This PDF is the current document as it appeared on Public Inspection on 04/26/2017 at 08:45 am.
National Institute of Justice, U.S. Department of Justice.
The Department of Justice (DOJ), Office of Justice Programs, National Institute of Justice, will be submitting the following information collection request to the Office of Management and Budget (OMB) for review and approval in accordance with the Paperwork Reduction Act of 1995.
Comments are encouraged and will be accepted for 60 days until June 26, 2017.Start Further Info
FOR FURTHER INFORMATION CONTACT:
If you have additional comments especially on the estimated public burden or associated response time, suggestions, or need a copy of the proposed information collection instrument with instructions or additional information, please contact Christine Crossland, National Institute of Justice, Office of Research & Evaluation, 810 Seventh Street NW., Washington, DC 20531 (overnight 20001) or via email at Christine.Crossland@usdoj.gov.End Further Info End Preamble Start Supplemental Information
This process is conducted in accordance with 5 CFR 1320.10. Written comments and suggestions from the public and affected agencies concerning the proposed collection of information are encouraged. Your comments should address one or more of the following four points:
—Evaluate whether the proposed collection of information is necessary for the proper performance of the functions of the National Institute of Justice, including whether the information will have practical utility;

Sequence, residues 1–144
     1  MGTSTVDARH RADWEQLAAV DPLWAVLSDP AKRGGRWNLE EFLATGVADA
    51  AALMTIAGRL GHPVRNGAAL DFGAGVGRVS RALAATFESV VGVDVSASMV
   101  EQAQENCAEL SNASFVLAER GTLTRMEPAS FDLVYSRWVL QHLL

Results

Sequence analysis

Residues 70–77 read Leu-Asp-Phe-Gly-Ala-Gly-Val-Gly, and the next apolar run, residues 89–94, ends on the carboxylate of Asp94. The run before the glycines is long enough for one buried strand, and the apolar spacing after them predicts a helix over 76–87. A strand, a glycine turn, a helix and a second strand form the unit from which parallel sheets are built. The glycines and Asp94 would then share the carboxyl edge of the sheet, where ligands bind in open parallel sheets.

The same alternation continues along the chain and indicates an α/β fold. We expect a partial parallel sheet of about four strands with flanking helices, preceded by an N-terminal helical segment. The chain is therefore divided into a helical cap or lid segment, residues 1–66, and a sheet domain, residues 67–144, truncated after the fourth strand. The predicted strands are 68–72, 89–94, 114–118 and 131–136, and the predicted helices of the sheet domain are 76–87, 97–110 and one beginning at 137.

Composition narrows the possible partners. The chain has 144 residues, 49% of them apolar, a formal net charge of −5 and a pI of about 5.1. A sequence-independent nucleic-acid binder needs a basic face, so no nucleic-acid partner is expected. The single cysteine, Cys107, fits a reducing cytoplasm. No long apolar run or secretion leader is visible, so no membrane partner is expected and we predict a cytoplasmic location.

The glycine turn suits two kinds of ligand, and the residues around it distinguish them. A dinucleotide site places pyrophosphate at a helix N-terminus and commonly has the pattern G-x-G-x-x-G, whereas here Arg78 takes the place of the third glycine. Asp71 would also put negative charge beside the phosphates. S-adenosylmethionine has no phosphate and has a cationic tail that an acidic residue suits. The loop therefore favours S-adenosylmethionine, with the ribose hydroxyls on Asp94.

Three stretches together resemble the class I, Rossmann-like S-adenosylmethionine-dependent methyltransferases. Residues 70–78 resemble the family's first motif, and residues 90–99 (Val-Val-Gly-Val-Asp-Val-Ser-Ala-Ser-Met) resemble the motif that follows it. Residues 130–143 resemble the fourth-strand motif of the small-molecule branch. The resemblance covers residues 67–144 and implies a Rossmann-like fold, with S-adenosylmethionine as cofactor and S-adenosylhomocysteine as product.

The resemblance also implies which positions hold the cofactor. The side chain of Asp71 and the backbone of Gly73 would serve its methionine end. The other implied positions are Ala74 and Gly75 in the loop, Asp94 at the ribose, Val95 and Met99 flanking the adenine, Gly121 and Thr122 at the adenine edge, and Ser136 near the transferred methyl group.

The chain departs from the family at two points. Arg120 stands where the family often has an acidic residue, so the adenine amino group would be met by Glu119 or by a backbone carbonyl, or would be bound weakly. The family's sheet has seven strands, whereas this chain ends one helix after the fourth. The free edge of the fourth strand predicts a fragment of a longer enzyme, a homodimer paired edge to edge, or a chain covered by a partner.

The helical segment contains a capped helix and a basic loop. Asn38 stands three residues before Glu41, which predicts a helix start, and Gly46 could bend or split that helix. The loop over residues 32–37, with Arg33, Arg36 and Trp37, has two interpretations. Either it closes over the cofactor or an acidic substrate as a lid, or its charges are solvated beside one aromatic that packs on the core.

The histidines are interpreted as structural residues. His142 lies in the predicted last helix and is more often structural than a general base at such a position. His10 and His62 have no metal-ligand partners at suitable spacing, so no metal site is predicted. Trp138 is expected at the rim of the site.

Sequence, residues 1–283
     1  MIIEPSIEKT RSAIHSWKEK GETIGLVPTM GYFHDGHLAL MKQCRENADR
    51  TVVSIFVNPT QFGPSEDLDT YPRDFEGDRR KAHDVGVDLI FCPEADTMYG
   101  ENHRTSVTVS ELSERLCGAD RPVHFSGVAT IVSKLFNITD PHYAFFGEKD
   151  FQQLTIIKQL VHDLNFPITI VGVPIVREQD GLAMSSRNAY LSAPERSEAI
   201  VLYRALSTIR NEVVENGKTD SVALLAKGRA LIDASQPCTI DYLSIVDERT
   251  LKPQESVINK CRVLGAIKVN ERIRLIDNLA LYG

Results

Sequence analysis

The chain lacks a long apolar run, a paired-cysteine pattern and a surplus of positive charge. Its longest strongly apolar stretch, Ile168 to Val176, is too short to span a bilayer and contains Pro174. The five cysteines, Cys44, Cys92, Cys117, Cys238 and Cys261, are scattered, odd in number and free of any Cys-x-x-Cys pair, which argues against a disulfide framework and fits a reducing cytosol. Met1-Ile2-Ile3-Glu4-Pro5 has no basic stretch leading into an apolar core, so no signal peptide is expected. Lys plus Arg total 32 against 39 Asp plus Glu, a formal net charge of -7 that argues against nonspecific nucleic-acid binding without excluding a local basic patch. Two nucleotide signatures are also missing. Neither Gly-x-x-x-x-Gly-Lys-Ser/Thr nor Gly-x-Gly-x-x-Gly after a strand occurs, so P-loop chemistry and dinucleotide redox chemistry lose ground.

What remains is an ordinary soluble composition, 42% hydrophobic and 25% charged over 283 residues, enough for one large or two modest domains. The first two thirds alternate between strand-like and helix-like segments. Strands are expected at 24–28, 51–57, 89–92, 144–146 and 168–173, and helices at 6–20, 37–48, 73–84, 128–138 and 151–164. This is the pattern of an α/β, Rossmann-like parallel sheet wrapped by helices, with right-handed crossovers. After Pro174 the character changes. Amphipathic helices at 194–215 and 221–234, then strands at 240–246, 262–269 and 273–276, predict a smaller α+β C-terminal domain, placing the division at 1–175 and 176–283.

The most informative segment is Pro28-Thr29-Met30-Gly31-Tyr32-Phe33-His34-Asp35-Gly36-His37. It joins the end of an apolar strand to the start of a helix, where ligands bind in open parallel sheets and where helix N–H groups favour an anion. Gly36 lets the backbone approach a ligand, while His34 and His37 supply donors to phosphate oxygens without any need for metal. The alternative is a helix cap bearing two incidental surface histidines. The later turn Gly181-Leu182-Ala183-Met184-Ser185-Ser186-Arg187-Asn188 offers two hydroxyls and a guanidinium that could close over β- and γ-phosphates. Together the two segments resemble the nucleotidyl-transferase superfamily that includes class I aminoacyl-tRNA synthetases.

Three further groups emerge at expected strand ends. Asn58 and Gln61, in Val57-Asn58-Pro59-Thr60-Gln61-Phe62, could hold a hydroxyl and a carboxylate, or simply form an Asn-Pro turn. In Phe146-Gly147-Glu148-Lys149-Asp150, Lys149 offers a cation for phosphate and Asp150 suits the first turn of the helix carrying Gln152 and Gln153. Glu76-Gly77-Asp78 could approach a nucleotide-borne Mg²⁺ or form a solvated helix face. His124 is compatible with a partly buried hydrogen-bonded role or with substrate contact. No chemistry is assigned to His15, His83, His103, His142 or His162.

—Evaluate the accuracy of the agency's estimate of the burden of the proposed collection of information, including the validity of the methodology and assumptions used;
—Evaluate whether, and if so how, the quality, utility, and clarity of the information to be collected can be enhanced; and
—Minimize the burden of the collection of information on those who are to respond, including through the use of appropriate automated, electronic, mechanical, or other technological collection techniques or other forms of information technology, e.g., permitting electronic submission of responses.
Overview of This Information Collection
1. Type of Information Collection: Survey development; Cognitive testing; Pilot testing of survey.
2. The Title of the Form/Collection: Tribal Youth Victimization Methods Study.
3. The agency form number, if any, and the applicable component of the Department sponsoring the collection: The applicable component within the U.S. Department of Justice is the National Institute of Justice in the Office of Justice Programs.
4. Affected public who will be asked or required to respond, as well as a brief abstract: There has never been a national study of tribal youth regarding their victimization experiences that provides reliable, valid estimates of the scope of the problem. As a result, the incidence, prevalence, and nature of victimization experienced by American Indian and Alaska Native youth living in tribal communities is unknown. As a result, NIJ, in partnership with the Office of Juvenile Justice and Delinquency Prevention and the Office for Victims of Crime has funded this methods study that involves developing and testing a survey instrument, testing different modes of administration that can effectively assess exposure to violence and victimization, and determining the feasibility of using these procedures in tribal communities and settings.